Dr. Dasgupta’s lab uses a quantitative approach to look at biological systems to help gain a better understanding of patterns that occur in living organisms. Motivated to understand the underlying physics of how DNA fold and condense to fit in a much smaller cell, Dr. Dasgupta came up with a simplistic mechanical model which mimics such an environment or “active” system. External grant funding from American Association of University Women (AAUW) in the amount of $34,700 will allow her and student researchers to investigate and understand how orientation of obstacles in the path of the proteins walking on the surface of DNA impacts the folding time, or “passage time” in this model. The Dasgupta lab will also computationally simulate this system to compare obtained results from the experimental model to have a better understanding of this complex biological phenomena. The title of the study is “Impact of Spatial Arrangement of Passive Obstacles on First Passage Time of an Active System.”
The National Science Foundation recently awarded Dr. Mark Engebretson, Professor Emeritus of Physics, and his team $396,635 over three years to support the project, “Collaborative Research: Studies of ULF Waves Associated with Solar Wind Coupling to the Magnetosphere and Ionosphere.” (NSF ID: PLR-1341493)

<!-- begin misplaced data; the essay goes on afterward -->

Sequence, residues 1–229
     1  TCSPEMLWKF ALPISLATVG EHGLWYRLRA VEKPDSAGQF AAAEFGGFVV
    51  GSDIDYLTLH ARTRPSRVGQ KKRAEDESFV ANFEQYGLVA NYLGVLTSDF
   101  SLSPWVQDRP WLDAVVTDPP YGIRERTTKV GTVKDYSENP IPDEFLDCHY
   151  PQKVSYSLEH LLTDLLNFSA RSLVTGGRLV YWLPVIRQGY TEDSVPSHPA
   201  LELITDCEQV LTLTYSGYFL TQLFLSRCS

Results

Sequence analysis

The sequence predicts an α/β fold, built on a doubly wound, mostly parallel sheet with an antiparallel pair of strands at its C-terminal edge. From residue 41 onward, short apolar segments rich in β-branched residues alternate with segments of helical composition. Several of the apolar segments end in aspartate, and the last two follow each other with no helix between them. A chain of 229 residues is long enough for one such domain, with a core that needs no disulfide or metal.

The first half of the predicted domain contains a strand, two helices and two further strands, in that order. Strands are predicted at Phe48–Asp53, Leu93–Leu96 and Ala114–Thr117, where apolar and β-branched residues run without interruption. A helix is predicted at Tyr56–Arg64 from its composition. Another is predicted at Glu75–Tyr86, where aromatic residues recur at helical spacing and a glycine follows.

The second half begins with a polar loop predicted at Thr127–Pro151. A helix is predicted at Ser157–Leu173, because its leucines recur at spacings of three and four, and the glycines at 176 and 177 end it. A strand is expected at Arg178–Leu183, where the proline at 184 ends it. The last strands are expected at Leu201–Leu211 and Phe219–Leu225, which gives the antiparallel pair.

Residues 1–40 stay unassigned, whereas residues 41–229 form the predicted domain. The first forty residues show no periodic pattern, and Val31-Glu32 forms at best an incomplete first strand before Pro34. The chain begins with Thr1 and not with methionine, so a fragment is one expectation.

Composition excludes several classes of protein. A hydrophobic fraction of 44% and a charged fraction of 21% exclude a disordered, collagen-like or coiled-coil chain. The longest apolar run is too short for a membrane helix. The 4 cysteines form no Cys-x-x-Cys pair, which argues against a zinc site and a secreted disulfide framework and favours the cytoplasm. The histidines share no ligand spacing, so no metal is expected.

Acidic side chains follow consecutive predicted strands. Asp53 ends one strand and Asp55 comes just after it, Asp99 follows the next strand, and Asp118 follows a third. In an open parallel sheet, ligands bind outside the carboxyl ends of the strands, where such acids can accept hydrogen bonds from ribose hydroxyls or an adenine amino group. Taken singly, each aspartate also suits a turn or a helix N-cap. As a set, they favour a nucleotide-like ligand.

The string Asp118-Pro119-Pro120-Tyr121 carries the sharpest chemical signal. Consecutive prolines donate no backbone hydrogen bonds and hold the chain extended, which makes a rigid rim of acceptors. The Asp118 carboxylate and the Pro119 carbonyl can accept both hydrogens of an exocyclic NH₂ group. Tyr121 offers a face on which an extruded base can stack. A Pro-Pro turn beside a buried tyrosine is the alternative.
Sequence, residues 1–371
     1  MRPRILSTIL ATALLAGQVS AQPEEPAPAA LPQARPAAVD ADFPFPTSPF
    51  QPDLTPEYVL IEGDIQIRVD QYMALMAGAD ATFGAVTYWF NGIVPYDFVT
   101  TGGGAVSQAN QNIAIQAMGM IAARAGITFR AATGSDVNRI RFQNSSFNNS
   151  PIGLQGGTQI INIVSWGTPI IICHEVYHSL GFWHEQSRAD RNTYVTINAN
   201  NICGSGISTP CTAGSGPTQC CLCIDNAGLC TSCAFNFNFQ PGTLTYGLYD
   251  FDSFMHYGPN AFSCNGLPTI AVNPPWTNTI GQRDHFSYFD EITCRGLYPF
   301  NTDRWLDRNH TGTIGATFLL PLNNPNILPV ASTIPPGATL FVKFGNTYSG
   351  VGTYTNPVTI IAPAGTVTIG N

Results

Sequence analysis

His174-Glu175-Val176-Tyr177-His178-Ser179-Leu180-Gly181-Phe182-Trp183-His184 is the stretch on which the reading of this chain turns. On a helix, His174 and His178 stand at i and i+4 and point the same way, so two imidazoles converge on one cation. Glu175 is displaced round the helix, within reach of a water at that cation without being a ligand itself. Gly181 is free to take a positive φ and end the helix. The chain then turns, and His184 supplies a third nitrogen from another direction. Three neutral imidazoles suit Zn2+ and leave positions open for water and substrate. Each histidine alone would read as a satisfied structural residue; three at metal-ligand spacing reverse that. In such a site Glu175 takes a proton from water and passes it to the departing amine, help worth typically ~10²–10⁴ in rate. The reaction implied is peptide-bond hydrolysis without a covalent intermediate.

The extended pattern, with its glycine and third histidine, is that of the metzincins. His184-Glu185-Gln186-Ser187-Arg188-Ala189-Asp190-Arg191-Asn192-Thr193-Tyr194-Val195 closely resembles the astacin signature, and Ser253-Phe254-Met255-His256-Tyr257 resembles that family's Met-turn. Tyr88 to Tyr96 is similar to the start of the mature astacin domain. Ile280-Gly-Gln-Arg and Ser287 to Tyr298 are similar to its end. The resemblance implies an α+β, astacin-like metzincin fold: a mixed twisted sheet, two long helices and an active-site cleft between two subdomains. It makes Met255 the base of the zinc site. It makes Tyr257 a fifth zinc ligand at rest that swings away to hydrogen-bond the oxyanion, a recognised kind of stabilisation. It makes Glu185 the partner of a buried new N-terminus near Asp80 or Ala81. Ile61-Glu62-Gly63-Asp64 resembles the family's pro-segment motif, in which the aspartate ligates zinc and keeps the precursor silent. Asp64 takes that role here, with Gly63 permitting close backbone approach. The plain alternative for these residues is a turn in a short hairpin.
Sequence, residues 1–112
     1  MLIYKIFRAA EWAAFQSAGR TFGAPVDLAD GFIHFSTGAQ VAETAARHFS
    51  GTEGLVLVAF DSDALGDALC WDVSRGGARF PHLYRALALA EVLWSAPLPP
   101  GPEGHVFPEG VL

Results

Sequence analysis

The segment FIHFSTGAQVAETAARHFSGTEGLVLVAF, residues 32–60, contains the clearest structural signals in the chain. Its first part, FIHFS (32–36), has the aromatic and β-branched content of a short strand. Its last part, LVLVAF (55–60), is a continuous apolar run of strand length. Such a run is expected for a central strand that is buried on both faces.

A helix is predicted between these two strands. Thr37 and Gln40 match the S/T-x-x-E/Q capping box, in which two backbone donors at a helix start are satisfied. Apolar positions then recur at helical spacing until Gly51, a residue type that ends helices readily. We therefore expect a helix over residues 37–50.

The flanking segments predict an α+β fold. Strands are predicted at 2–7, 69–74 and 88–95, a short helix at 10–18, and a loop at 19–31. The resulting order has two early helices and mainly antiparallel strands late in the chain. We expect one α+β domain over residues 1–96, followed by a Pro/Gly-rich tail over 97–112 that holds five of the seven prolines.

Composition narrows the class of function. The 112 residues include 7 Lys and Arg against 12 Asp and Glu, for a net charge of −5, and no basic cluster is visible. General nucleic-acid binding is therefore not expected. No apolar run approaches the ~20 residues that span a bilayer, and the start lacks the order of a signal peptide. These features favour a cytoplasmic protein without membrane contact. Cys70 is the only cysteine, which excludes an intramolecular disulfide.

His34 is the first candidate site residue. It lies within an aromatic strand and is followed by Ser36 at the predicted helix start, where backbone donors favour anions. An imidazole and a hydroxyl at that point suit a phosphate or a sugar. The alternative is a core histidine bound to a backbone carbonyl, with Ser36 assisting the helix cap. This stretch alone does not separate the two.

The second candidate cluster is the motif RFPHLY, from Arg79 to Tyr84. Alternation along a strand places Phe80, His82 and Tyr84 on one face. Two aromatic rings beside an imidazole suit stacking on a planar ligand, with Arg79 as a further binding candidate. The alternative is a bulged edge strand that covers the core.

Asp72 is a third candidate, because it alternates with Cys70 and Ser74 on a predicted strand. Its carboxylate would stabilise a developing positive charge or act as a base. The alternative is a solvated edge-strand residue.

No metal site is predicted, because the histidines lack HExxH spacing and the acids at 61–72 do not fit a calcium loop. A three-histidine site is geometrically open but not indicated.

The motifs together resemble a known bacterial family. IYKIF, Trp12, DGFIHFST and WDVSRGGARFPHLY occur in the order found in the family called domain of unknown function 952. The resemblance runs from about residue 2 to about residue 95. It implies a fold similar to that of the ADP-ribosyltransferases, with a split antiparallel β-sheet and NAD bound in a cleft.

In collaboration with Dr. Marc Lessard at the University of New Hampshire, Dr. Engebretson will continue to operate and analyze data from four ground-based induction magnetometers located in Antarctica (including South Pole Station) and two in the Arctic. The stations in this project are key links in arrays of ground-based ionospheric and magnetospheric observatories in both the Arctic and Antarctic regions. These observatories, together with both low-altitude and high-altitude NASA satellites, provide the data with which Engebretson, Lessard, and members of their team work to characterize and understand the physical processes occurring in Earth’s space environment.
The study of the Earth’s space environment has become increasingly important to our technologically–driven society. Continue reading “Dr. Engebretson awarded NSF funding for collaborative space physics research”
The National Science Foundation has awarded a new three-year $425,919 research grant (NSF AGS-1264146) to Augsburg College’s Physics Department for continued operation of the Magnetometer Array for Cusp and Cleft Studies (MACCS), a longitudinally-extended array of 8 magnetometers located in Arctic Canada, and for space science research based on MACCS data. Continue reading “Engebretson and MACCS team receive $425,919 grant from National Science Foundation”
Dr. Mark Engebretson, Professor of Physics, was granted a three year, $185,940 award from NSF’s Division of Atmospheric and Geospace Sciences for his project, “Collaborative research: Continued study of ultra low frequency (ULF) waves at cusp latitudes on Svalbard to probe earth’s space environment.” Continue reading “Physics Professor Receives NSF Funding to Continue Space Research”